Copyrighting the Bible
Men like Martin Luther, William Tyndale, and others fought the established order of the church over matters such as translating the Bible into the common tongue or allowing laypeople to interpret the Bible for themselves. Tyndale gave his life for it and was burned at the stake so that we could read the Bible in our own language.
Today, it is another matter. As I began my journey through the Bible cover to cover, I came upon some curious words: Rights in the Authorized (King James) version of the Bible are vested in the Crown.
Apparently, Cambridge University Press is the Crown’s patentee and allows a maximum of 500 Bible verses to be printed in book-form without their express permission. In other words: God’s Word in the King James version belongs to England and Cambridge University press. It seems that British imperialism extends to heavenly kingdoms as well.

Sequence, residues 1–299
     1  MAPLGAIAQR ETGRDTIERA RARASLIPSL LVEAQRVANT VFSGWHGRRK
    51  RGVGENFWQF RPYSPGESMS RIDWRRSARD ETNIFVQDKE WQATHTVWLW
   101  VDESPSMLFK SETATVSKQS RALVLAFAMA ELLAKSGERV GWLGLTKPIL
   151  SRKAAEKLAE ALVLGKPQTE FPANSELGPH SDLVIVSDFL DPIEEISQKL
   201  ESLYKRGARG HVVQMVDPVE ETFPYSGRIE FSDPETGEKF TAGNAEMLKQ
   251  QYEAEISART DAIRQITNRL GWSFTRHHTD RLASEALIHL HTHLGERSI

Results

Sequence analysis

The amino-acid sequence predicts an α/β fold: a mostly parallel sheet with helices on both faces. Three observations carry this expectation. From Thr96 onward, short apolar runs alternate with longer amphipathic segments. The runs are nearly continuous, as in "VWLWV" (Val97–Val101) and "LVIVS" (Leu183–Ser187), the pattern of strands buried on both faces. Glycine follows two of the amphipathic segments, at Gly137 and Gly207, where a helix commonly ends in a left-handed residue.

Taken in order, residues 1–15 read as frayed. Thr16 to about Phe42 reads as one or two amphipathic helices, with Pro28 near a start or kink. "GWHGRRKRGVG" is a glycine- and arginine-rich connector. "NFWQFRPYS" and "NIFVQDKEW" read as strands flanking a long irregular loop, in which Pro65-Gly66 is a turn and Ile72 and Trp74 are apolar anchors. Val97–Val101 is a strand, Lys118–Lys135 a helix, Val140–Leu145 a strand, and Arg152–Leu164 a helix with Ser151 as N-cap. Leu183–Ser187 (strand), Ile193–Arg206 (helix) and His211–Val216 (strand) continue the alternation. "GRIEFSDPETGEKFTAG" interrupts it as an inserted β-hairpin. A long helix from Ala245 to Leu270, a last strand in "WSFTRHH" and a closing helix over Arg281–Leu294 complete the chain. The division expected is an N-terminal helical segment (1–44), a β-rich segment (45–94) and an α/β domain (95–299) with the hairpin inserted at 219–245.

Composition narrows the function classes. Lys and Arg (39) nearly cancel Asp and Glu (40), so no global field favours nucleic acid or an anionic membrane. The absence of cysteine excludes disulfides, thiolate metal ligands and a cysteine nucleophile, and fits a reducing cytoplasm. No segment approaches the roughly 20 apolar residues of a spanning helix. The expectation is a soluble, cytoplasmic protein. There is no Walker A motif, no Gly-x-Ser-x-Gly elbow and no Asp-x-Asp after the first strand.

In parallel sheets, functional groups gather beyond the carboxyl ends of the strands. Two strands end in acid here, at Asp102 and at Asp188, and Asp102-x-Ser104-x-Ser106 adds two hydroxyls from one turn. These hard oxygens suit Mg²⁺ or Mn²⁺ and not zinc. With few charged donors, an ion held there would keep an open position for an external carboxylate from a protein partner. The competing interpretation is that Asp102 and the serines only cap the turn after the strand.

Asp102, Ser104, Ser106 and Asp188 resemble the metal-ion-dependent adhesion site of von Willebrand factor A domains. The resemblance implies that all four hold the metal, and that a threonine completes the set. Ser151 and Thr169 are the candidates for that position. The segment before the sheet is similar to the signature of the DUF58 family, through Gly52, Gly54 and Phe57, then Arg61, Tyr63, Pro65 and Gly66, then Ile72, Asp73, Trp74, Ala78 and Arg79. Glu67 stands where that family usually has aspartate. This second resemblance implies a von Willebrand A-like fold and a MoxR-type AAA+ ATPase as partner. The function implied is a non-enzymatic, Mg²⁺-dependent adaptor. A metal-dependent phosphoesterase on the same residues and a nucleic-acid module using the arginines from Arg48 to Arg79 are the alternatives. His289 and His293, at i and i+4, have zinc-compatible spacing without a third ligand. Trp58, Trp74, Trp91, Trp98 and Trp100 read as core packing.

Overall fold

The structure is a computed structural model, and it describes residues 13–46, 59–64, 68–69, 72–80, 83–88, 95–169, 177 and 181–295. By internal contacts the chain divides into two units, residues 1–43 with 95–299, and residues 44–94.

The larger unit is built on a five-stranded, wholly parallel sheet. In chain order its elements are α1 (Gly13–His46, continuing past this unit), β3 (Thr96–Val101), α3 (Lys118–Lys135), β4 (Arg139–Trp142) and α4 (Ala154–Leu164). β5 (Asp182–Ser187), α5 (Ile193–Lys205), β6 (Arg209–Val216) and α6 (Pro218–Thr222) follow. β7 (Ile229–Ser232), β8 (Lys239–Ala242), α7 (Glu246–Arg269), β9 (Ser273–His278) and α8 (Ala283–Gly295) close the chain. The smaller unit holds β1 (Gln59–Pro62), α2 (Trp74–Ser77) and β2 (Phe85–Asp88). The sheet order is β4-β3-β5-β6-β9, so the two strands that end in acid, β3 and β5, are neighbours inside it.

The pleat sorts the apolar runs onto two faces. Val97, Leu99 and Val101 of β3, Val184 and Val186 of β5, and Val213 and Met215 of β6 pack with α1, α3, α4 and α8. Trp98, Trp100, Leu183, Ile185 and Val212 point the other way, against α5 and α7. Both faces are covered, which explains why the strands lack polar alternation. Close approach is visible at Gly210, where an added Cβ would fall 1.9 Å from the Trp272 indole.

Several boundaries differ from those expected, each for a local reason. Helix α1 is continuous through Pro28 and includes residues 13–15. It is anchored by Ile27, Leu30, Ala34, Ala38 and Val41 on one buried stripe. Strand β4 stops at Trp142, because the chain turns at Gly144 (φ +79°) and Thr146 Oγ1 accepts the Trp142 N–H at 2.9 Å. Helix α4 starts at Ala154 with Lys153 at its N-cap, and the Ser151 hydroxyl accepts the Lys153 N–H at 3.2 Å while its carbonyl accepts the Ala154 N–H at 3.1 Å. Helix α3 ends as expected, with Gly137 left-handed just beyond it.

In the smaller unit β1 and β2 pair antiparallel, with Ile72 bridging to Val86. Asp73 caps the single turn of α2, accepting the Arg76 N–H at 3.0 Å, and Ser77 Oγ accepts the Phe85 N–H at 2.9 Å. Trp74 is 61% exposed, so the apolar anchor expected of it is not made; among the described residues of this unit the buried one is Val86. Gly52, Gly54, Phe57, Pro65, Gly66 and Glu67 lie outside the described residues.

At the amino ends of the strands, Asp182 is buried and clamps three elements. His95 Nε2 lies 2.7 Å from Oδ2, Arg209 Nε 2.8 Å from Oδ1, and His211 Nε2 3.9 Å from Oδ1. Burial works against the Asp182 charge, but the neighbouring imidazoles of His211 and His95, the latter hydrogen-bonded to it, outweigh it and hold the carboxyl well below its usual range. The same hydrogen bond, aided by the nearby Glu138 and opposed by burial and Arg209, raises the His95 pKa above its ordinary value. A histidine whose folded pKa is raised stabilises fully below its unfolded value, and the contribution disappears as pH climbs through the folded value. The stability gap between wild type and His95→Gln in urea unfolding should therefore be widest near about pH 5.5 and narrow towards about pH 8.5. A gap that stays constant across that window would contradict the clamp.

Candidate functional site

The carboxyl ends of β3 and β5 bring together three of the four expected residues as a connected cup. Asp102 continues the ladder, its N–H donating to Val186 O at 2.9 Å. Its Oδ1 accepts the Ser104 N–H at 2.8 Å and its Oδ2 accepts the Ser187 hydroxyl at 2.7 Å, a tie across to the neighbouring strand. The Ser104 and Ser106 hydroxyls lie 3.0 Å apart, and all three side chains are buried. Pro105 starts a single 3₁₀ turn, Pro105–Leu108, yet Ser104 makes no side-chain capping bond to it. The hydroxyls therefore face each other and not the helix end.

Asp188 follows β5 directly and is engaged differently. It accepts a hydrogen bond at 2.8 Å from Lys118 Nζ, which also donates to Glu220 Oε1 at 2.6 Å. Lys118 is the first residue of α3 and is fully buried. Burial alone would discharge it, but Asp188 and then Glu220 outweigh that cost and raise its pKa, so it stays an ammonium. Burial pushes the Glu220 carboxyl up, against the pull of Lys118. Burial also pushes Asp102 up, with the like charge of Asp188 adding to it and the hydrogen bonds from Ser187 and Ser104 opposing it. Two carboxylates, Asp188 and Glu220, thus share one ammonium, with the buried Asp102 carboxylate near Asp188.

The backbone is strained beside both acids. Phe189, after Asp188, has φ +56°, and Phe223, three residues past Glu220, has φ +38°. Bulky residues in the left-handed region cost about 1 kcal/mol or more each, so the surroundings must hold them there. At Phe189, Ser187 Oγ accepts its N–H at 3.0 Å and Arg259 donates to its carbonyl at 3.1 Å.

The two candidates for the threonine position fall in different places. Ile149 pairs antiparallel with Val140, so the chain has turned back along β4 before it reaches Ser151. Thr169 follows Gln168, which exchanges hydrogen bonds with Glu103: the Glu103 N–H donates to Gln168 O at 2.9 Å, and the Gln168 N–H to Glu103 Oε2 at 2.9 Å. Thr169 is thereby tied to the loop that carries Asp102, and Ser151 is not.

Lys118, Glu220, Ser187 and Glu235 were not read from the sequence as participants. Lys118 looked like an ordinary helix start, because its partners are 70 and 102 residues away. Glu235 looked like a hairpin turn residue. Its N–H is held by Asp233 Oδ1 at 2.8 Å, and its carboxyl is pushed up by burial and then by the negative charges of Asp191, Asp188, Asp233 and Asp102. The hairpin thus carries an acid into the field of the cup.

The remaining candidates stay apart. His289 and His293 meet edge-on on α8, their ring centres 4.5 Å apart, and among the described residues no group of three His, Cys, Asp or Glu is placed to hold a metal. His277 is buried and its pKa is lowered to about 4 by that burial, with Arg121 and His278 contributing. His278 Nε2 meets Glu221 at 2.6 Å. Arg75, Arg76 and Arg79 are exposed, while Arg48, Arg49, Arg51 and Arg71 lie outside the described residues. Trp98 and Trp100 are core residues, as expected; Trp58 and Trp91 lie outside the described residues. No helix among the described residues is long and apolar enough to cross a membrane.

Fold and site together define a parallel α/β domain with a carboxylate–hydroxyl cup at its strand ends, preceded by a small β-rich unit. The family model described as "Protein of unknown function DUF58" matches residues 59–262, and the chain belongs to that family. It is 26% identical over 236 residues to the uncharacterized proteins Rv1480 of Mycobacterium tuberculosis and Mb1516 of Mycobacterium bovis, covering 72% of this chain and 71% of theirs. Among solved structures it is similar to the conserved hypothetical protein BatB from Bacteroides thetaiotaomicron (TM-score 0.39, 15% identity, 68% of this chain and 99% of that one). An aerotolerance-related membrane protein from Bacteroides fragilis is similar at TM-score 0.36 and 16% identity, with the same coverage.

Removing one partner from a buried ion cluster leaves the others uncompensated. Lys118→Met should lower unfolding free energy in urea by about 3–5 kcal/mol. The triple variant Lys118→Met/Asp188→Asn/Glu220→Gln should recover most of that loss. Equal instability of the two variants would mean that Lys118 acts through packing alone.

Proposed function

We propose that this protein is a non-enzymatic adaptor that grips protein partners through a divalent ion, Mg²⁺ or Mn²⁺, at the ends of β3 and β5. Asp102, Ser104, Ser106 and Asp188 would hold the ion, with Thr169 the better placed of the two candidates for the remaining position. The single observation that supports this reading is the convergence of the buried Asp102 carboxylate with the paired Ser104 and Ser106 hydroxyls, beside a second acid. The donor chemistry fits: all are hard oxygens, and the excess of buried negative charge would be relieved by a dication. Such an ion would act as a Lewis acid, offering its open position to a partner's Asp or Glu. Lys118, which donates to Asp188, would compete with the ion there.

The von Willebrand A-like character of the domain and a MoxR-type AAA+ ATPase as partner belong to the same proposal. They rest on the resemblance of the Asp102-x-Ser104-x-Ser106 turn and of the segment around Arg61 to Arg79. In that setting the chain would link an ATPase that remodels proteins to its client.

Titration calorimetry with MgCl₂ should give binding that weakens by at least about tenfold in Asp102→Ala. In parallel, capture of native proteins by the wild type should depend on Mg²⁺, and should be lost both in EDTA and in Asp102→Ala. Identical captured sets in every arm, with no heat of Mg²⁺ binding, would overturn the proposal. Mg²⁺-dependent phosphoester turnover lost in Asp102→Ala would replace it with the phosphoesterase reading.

Just a joke–but it is rather peculiar. To be fair: the same holds true for all modern English translations of the Bible. Thomas Nelson Publishers seem to own the New King James Bible, Zondervan owns the NIV (and by extension, so does Rupert Murdoch), and Crossway owns the rights to the latest serious Bible trend: the ESV.
It seems that God’s Word has been copyrighted, just like my website, applesofgold.com (shameless plug), or like the device you are using to read this, or any other trademarked, intellectually-safeguarded, globally-recognized product.
Do I need to say anything else? In case I do: today, we think we own God. Tyndale would see in all this the same voracious thirst for power that he saw in the ‘holy mother church’. Am I being too critical of our modern copyright laws and those who hold them? Could all this be attributed to God’s mysterious ways? Should the Bible be exempt from copyright laws? You tell me. I’d love your thoughts on this.